Mentoring in teaching is of immense value, benefiting not only the mentee but also the mentor. Mentoring is something that is synonymous with being a trainee teacher or early career teacher, but it can also support established and experienced teachers. There are a range of mentoring models that can help support mentors, we have outlined some of the most popular below:
Mentoring Models in PE
Here are four popular mentoring models, including the OSCAR mentoring model, GROW mentoring model, CIGAR mentoring model, and STRIDE mentoring model.
OSCAR Mentoring Model (Whitmore, 2009)
The OSCAR mentor model is a highly effective mentoring framework for PE. It focuses on the mentor providing Opportunity, Structure, Clarity, Advice, and Review to the mentee. Each component of the model plays a critical role in supporting development.
- Opportunity – Start by creating opportunities for the mentee to learn, grow, and apply their knowledge.
- Structure – The mentor/mentee creates a structured plan that outlines the path to success. This roadmap helps the mentee navigate their educational and professional journey more effectively.
- Clarity – The mentor ensures that the mentee understands their expectations, goals and the means to achieve them.
- Advice – The mentor offers valuable insights, expertise, and advice to help the mentee make informed decisions and overcome challenges.
- Review – Regular reviews and feedback sessions are essential in monitoring progress, making necessary adjustments and celebrating achievements.
GROW Mentoring Model (Whitmore and Gilbert, 2002)
The GROW mentor model is a widely recognised framework for mentoring, which stands for Goal, Reality, Options, and Will. It is a simple yet effective approach to guide mentees in their PE teaching journey.
- Goal – The mentor helps the mentee define clear and achievable goals. In PE, these goals might pertain to skill improvement, fitness, or academic objectives.
- Reality – Together, the mentor/mentee assess the current situation, taking into account strengths, weaknesses, and challenges.
- Options – The mentor/mentee map out potential strategies and actions that can lead to goal attainment. This phase encourages creative problem-solving.
- Will – In the final stage, the mentee commits to taking action and demonstrates the determination to follow through with the chosen plan.
CIGAR Mentoring Model (Green and Grant, 2003)
The CIGAR mentor model is designed to be a comprehensive and dynamic mentoring approach in the field of PE. It stands for Coaching, Inquiry, Guidance, Advice, and Reflection.
- Coaching – The mentor provides guidance on content and pedagogical delivery.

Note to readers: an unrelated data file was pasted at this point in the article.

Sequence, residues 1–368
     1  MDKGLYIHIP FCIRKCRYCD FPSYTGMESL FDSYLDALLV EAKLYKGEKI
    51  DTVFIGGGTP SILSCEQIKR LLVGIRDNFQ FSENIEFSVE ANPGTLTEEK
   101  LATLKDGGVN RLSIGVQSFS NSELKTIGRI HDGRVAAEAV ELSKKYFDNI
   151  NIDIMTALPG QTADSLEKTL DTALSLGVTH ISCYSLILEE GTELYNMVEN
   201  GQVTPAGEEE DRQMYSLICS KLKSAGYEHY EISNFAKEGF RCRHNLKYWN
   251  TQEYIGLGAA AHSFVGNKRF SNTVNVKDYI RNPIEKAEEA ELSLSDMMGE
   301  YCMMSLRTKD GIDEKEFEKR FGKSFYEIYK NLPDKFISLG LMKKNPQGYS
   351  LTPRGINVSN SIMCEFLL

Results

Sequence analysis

- Inquiry – Open and thought-provoking questions are used to stimulate critical thinking and self-awareness in the mentee. This encourages mentees to reflect on their practice and seek answers independently.
- Guidance – Mentors offer structured guidance, which may include clear targets and goal setting.
- Advice – Practical advice is given by the mentor based on their own experiences and expertise in PE.
- Reflection – This component encourages both the mentor and the mentee to reflect upon progress and set the next goal for continuous improvement.
STRIDE Mentoring Model (Thomas and Smith, 2009)
The STRIDE mentor model is a more recent addition to the mentoring landscape in PE. It emphasises Self-awareness, Target setting, Reflection, Innovation, Development, and Evaluation.
- Self-awareness – Mentees are encouraged to gain a deep understanding of their strengths, weaknesses, and personal goals.
- Target setting – Setting specific, measurable, achievable, relevant, and time-bound (SMART) goals is essential for progress.
- Reflection – Regular self-reflection and evaluation enable mentees to learn from their experiences and continuously adapt their strategies.
- Innovation – Creativity and innovation are encouraged to find new and effective ways to achieve goals and overcome obstacles.
- Development – This step focuses on continuous personal and professional development, including further education and training.
- Evaluation – Regular assessment and feedback loops ensure that progress is monitored and goals are adjusted as needed.
The choice of the model will depend on individual preferences, objectives, and the dynamics of the mentor and mentee relationship.
Benefits of Mentoring
There are multiple benefits of mentoring, we’ve outlined just a few advantages below:
1. Professional and Career Development
Mentoring is a powerful tool for enhancing the professional growth of educators.
Experienced mentors provide guidance, share best practices, and help mentees develop their confidence and competence.